Luckily, these engagements are few and far between. Disinterested historicity soon gives way to something more intimate.

What ultimately makes this collection special are the personal narratives from those who knew Corso and have no interest in making sense of his life or his work. Each of these more effective essays offer a little window into a moment in the poet’s life: his charged visits to heroin dealers, his comical and erudite poetry readings, his world travels, his impromptu lectures on classical art around the dinner table, his insistence on reading the works of young poets… these fragments of a life steeped in art, tragedy, and a tenuous balance of street-level empathy and bon vivant elitism feel the most true to the man himself. More importantly, they feel true to the fragments and paradoxes of his work.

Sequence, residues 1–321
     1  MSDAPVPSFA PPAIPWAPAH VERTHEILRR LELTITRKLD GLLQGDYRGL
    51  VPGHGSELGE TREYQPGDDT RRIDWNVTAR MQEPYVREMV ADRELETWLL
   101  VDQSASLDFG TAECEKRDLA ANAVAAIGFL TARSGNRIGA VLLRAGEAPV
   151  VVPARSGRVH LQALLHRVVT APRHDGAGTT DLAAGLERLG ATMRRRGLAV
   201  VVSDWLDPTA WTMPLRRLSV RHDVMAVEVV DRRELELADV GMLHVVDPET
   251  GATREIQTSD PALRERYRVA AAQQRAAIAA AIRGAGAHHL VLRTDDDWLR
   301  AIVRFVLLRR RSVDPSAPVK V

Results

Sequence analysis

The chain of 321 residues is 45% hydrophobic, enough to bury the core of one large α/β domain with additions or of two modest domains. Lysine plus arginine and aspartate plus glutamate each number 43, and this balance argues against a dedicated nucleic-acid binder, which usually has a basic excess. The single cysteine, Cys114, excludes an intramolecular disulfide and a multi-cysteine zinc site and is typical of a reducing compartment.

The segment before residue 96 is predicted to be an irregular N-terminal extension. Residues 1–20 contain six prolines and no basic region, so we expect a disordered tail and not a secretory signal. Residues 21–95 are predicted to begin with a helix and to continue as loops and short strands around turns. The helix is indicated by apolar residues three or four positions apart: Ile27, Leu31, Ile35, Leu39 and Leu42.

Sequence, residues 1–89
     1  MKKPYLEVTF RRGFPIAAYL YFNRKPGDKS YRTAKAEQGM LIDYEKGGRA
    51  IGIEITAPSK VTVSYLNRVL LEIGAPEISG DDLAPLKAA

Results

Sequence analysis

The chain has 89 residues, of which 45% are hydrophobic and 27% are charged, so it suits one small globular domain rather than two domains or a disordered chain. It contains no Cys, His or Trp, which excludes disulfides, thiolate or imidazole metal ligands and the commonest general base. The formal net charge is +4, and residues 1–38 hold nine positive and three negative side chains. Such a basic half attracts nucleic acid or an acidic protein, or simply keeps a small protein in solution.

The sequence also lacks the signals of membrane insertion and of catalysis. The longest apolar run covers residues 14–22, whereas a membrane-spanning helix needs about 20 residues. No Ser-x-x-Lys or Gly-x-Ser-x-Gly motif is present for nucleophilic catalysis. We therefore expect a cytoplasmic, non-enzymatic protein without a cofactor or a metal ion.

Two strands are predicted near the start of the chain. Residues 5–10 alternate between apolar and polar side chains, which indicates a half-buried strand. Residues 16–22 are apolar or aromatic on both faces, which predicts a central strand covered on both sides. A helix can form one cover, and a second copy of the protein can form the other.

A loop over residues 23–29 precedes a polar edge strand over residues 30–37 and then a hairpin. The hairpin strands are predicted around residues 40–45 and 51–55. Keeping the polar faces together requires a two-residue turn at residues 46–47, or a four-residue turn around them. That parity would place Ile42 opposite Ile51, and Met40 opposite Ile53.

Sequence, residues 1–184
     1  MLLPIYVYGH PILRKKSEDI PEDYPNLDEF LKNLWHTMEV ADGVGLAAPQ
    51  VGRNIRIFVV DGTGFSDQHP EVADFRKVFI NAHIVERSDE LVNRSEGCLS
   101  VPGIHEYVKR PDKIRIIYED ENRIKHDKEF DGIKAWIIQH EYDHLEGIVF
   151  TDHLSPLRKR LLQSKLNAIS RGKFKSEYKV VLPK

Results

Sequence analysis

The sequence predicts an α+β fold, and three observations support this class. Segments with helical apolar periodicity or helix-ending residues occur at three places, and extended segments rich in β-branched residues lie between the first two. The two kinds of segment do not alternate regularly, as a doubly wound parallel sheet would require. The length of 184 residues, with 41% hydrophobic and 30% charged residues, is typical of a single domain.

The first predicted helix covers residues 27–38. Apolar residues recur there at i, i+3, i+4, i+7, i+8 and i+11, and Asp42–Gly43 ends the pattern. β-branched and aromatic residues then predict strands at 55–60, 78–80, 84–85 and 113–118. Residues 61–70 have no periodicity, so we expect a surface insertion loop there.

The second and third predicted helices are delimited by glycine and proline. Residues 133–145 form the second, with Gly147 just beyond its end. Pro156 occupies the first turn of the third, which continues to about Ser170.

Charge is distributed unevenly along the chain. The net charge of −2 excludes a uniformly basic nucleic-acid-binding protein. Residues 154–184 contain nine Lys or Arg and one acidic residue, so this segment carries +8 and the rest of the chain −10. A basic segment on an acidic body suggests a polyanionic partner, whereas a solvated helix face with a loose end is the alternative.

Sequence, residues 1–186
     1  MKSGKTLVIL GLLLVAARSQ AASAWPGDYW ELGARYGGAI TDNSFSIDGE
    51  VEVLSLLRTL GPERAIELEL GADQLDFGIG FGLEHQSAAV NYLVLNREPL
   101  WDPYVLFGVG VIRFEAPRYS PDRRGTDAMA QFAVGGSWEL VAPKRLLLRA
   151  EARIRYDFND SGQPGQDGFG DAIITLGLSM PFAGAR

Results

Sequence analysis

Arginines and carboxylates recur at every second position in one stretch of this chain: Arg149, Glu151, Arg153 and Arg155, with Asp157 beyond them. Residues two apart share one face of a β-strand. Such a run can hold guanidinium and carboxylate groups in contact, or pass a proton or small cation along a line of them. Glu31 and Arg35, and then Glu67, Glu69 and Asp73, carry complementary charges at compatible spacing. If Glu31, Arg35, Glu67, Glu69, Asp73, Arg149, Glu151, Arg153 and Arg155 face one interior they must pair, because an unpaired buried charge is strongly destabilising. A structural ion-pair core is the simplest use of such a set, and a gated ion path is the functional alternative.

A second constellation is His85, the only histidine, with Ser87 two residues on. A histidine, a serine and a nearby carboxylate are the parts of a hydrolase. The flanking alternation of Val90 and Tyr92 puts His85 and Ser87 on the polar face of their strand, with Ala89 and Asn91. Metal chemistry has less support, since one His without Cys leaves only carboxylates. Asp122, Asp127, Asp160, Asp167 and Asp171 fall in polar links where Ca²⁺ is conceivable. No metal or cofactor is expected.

Robert Yarra’s “Gregory Gave Me the World” is a fine example of this even finer mode of remembrance. Perhaps it has something to do with Yarra’s somewhat outsider status within the world of poetry: when he first met Corso, Yarra was an immigration lawyer. Yarra quickly became a kind of patron to Corso, learning to “take the horrible with the sublime”:

I had dough and never turned him down for a fix. I remember walking into the office waiting-room and seeing Gregory among my bewildered clients, head down, sweat rolling off his nose, suffering, junk-sick but very patient. I quickly slid him a twenty and, without a word, he was out the door. (152)